Monday, August 31, 2009

what can we learn from Tenkara?

Tenkara intro video from Tenkara USA on Vimeo.


Dr. Ishigaki in the Catskills - Preview and Fly-Tying from Tenkara USA on Vimeo.



the essential of the simplicity

meeting!


have I mentioned the "anticipation" excitement before? here it is...the anticipation, the meeting are just as exciting as the travel itself. Several good friends start with couple of beers, random talks and "BS" fishing stories...open the maps and point your finger to where you want to be...The plan and the imagination usually get me high!

Sunday, August 30, 2009

the rhyme




the rhyme of small mountain creek - fiberglass

tying season

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Friday, August 28, 2009

friday cooking!


life is good!

secret garden

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Thursday, August 27, 2009

simpler is better?


http://www.tenkarausa.com/blog/?p=111
Yes! Simpler means closer to the state of "a glimpse of the magic" which a flyfisherman spent all his life to pursue. I like cook simple! Direct instruction from a top chef back home.1) heat the pan, 2)few drops of olive oil, 3)fresh raw shrimp (with shell please),4) few salt. That's is one of my favorite dish! Fresh is the key. Just like a fresh creek roam free in a pristine forest. Over years, my fly pattern collection shrink dramatically. I can picture myself one day I will evolved, just like a old fly master in Japan, one fly, one rod and one man in a mountain creek! Check out a nice blog. LINK
Note: 1), I won't give up my reel too easily. 2)add some garlic would be good too! : )

Wednesday, August 26, 2009

think about Pink Martini



What a great time and sweet memories! Thanks Shih-Nan for mentioning this to me... enjoy! : )

why salmon is gone? a letter from Alexandra Morton

don't buy farmed salmon, my friends...


Alexandra Morton's letter to the fisheries minister on missing sockeye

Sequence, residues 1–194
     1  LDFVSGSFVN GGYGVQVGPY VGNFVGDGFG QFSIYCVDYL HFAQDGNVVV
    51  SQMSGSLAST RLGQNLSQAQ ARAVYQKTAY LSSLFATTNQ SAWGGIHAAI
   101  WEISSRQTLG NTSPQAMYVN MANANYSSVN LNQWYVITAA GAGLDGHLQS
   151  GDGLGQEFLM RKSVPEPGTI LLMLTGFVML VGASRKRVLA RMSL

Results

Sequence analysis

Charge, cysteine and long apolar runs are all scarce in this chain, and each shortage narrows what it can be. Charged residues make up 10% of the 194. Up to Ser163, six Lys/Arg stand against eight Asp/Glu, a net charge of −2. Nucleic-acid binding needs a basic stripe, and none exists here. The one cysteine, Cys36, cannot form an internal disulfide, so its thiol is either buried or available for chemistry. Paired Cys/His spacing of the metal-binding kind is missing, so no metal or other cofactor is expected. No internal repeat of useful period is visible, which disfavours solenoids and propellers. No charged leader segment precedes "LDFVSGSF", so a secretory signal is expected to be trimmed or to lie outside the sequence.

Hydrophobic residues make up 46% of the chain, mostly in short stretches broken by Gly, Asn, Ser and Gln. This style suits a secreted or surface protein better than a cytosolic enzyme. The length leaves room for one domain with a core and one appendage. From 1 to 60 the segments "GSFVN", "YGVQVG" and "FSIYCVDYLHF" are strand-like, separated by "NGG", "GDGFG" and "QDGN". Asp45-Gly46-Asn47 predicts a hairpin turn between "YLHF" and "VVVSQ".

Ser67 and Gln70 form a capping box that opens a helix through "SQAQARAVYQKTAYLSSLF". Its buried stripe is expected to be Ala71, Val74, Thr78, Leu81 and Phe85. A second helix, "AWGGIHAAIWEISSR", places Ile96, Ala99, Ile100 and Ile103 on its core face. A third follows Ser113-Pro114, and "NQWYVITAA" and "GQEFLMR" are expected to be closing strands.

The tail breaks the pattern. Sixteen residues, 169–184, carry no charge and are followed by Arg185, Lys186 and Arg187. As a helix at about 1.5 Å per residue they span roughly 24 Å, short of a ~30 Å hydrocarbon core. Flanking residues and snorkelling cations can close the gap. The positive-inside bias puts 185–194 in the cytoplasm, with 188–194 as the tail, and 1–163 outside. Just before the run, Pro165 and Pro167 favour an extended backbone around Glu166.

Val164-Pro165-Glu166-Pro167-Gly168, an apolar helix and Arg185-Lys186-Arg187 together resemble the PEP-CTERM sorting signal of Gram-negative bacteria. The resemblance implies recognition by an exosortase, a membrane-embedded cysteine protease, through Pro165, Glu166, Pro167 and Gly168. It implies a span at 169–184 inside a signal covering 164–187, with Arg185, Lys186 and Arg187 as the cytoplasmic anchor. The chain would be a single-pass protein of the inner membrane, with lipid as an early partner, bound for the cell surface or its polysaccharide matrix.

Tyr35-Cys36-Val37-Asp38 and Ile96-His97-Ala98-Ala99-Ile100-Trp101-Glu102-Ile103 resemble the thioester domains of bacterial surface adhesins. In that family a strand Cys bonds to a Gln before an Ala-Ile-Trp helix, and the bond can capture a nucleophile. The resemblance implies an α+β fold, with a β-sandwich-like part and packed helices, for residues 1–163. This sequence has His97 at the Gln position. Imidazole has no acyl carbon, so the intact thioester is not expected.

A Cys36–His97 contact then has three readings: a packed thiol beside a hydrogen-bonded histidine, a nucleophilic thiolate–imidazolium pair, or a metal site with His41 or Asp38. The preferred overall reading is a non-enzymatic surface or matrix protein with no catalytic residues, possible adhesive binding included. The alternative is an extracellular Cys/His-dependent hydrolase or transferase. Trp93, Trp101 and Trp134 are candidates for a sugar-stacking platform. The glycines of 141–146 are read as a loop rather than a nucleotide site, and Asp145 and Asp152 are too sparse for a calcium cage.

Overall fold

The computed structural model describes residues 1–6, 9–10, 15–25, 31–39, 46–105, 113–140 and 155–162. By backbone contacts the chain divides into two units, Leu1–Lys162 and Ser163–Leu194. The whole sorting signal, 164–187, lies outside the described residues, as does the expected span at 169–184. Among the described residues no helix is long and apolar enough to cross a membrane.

By Charlie Smith

Fish biologist Alexandra Morton wrote a letter last night to Fisheries Minister Gail Shea regarding this year's dismal return of sockeye salmon to the Fraser River. Straight.com decided to publish the letter in full:

Dear Fisheries Minister Shea:

I am following the news that DFO is reporting 11 million sockeye salmon have vanished. The magnitude, social impact and trajectory of this fishery failure is on a par with the collapse of Canada’s Atlantic cod. Scientists have published on what went wrong within DFO to allow the cod, one of earth’s most abundant food resources to collapse. They identified political distortion of the science as a critical factor. They argue the public was not accurately informed as the collapse was underway.

(Hutchings, J.A., Walters, C., and Haedrich, R.L. 1997. Is scientific inquiry incompatible with government information control? Can. J. Fish. Aquat. Sci. 54: 1198–1210. )

This brings me to several recent comments in the media attributed to high-ranking DFO employees. Bary [sic] Rosenburger, DFO area director for the Fraser, describes the Fraser sockeye collapse as unexpected and that DFO doesn’t know what happened (Globe and Mail, Aug 13, 2009). But the next day he goes on to say it does not look like fish farms are responsible (BCLocalNews.com).

On August 15, Paul Sprout, Pacific Region Director for DFO published a letter in the Globe and Mail “Sea lice from fish farms are not the explanation of this year’s extremely poor marine survival of Fraser River sockeye...”

Given both the importance of the Fraser sockeye to the BC economy, ecology and First Nations; and the analysis that DFO political interference with science may have allowed the east coast cod to collapse, it is reasonable to ask what science did Sprout and Rosenburger use to inform the public that fish farms are not responsible for this sockeye collapse?

Two of your highest ranking employees involved with this fishery have publicly exonerated the fish farmers, an industry associated with catastrophic salmon collapse worldwide (Ford and Myers 2008) and here in BC (Krkosek et al 2007).

The most recent past catastrophic BC wild salmon collapse was in 2002 when 99% of the Broughton pink salmon failed to return. The Pink Salmon Action Plan temporarily removed farm salmon from the Broughton pink salmon migration route and the next generation of pink salmon returned at the highest survivorship ever recorded for the species (Beamish et al 2006). That management decision was reversed and the stock collapsed again.